April 01


Dine Out Well with Tomatoes!

by Sharon Palmer, The Plant-Powered Dietitian

Between juggling long commutes, workdays, and kids’ carpool and sports schedules, and being plugged into social media 24/7, we are busier than ever.  And interestingly enough, our increasingly busy schedules parallels with our increased emphasis on healthy lifestyles. According to the 2013 Food & Health Survey, commissioned by the International Food Information Council, 64% of Americans are making food choices based on health. So, whether we’re grocery shopping, planning our family dinners for the week, or eating out, health remains on our radar.

To accommodate our busy, multi-tasking lives, we’re eating out more, too. As of 2011, people are spending 48.7% of their eating dollars on foods consumed outside the home, such as from drive-thrus, coffee shops, cafeterias, and restaurant take-out menus. Let’s face it; it’s fun to eat out—delicious food, great service, and no pesky dishes to clean up. While it’s usually easier to meet your health goals when you do your own cooking at home, there’s no need to avoid dining out altogether.  Plenty of restaurants offer wholesome choices to help you stay on a healthy track.

Just keep this in mind: the more often you carve space on your plate for the “good” stuff like whole grains, lean proteins, and vegetables—including tomato products—you’ll have less room on your plate for the not-so-good stuff, like foods high in saturated fat and cholesterol. So, go ahead, paint your plate red with tomato products for good health and taste—it’s an easy way to fit in an important serving of vegetables while you’re dining out.

Yes, there certainly are ways you can make dining out just as good for your health as it is for your taste buds. Try one of these 6 simple tips the next time your family heads to a restaurant for dinner:

  1. Prep ahead of time. Visit the restaurant website before your dining experience. Scroll through the menu so you can make a plan of attack. Some websites even provide the nutritional information of their dishes; if so, browse through the nutritional facts.
  2. Take the edge off your hunger. Just as shopping at the supermarket while starving can give you “grocery goggles,” restaurant dining on an empty stomach can also be a trap. Rather than reaching for the bread basket, enjoy a small serving of a veggie-based soup, such as a tomato-rich minestrone soup, to take the edge off your hunger.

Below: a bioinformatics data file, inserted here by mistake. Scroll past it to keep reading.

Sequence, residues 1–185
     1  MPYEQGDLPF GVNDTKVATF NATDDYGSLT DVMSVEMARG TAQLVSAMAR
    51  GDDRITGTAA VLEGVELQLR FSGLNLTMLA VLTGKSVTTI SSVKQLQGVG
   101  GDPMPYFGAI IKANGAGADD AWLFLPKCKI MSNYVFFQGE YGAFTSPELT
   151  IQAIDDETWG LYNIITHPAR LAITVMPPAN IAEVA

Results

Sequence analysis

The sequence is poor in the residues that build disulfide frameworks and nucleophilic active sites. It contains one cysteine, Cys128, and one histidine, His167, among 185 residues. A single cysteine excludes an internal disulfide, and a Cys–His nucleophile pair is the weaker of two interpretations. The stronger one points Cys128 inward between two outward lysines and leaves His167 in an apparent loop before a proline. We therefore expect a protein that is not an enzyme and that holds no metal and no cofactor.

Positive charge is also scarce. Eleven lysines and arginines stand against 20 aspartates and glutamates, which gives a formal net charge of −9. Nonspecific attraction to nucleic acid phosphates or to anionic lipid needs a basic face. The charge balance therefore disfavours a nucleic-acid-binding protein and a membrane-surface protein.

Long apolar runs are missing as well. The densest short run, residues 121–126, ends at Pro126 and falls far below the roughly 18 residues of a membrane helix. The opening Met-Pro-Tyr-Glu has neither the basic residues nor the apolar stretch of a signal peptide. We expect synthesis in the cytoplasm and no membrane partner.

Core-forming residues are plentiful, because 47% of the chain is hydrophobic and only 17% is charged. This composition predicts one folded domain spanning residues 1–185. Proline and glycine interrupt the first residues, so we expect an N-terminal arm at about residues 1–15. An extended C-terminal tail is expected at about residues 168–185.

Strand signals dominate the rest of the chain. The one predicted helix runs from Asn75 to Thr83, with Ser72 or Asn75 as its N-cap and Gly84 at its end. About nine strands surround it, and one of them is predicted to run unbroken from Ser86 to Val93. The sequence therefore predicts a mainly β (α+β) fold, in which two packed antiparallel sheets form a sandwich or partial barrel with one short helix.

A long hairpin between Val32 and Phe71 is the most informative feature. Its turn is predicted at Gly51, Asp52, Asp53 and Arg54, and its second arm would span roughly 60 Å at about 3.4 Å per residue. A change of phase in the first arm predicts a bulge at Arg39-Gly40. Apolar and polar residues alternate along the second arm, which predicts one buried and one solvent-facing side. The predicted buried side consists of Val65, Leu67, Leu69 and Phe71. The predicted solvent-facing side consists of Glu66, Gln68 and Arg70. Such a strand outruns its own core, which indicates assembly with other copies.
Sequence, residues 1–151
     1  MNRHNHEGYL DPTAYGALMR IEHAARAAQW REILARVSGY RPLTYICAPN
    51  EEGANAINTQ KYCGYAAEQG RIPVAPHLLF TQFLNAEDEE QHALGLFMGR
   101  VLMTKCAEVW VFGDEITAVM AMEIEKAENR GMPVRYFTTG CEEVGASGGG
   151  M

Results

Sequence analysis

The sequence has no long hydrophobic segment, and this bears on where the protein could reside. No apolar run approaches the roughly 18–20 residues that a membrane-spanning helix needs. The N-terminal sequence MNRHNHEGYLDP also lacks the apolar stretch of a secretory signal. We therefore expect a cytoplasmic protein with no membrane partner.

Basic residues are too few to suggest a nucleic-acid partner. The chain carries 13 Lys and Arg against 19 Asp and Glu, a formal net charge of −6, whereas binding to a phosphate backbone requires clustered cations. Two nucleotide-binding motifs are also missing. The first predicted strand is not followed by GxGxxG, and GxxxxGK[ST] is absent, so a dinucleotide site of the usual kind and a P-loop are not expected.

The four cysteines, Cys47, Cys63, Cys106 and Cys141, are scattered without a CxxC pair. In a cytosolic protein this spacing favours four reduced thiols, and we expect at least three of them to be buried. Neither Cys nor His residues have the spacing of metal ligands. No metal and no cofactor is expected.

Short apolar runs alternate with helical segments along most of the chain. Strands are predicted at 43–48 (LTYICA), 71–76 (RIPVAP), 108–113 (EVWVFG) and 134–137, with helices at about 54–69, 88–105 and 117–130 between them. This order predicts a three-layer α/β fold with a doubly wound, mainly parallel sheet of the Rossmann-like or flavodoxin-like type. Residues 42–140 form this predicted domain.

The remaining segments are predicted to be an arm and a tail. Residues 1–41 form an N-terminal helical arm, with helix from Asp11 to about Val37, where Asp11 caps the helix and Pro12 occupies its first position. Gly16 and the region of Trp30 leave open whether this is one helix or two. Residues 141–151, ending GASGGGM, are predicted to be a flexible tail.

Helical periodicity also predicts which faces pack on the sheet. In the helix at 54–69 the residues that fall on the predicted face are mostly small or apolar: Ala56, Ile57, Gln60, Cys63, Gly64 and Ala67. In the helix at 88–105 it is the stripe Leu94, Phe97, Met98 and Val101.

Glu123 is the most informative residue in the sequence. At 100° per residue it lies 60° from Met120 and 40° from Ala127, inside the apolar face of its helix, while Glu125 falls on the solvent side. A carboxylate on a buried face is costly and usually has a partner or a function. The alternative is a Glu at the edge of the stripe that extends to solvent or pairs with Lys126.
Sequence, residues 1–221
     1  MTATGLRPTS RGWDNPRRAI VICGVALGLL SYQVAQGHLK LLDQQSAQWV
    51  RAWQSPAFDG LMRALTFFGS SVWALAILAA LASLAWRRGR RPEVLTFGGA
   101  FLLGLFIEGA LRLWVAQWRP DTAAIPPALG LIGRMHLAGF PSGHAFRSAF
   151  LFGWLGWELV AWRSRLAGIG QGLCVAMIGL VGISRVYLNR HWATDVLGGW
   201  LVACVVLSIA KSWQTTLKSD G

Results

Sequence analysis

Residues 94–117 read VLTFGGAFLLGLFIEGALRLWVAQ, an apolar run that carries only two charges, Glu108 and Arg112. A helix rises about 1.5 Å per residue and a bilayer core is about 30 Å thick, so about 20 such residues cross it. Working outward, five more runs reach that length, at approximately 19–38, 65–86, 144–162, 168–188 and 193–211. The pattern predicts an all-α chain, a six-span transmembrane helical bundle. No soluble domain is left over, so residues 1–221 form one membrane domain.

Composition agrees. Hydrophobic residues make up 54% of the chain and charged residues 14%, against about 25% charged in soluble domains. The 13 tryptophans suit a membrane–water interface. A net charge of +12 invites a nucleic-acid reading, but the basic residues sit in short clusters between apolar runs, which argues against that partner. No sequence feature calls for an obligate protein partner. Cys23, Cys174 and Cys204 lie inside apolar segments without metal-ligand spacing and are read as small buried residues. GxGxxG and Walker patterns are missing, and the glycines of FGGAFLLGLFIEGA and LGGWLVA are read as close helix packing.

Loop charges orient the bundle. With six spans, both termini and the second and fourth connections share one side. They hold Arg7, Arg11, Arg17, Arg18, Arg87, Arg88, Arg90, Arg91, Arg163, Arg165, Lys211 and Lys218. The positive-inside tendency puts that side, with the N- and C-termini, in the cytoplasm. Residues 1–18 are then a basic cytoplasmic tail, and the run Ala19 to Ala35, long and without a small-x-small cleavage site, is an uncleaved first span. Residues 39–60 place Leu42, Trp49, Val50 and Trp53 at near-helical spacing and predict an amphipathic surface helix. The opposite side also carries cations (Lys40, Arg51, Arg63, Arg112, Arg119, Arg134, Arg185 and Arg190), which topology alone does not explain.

3. Load up on veggies. Rather than ordering a high-fat, starchy side-dish with your meal, such as French fries or mashed potatoes, pile on the veggie sides, such as steamed vegetables, or a tomato-rich ratatouille.
  4. Super-sauce it. Skip the alfredo sauce and go easy on the cheese. Instead opt for a pasta dish or thin-crust pizza with lower-calorie, nutrient-rich tomato-based sauce. Remember, you can ruin the most healthful foods by deep-frying them, drenching them in olive oil or butter, or dipping them in cheese sauce.
  5. Skip those not-so-healthy “extras.” Some rich creamy sauces and fatty condiments can really make a huge difference in the nutrition profile of your meal. Many little additions such as sour cream, cheese, tartar sauce, or Hollandaise sauce can pack on the saturated fat and calories. If you really want something to enhance the flavor of your dish, think of lower-calorie, health-promoting options, such as salsa.
  6. Don’t be afraid to make special requests.  Restaurants are all about making their customers happy; if you have a good experience, you’ll tell your friends about it and even come back for more. So, don’t be afraid to ask for extra veggies and healthier add-ons.

Sharon Fruit PicSharon Palmer, The Plant-Powered Dietitian™ is a writer and author of The Plant-Powered Diet. Over 850 of her articles have been published in national publications, including Prevention, Better Homes and Gardens and Today’s Dietitian. She is also the editor of the award-winning publication Environmental Nutrition and writes for her blog, The Plant-Powered Blog. Her specific expertise is in plant-based nutrition, including Mediterranean, vegetarian and vegan diets. Her second book, Plant-Powered For Life: Eat Your Way to Lasting Health with 52 Simple Steps and 125 Delicious Recipeswill be in stores July 2014.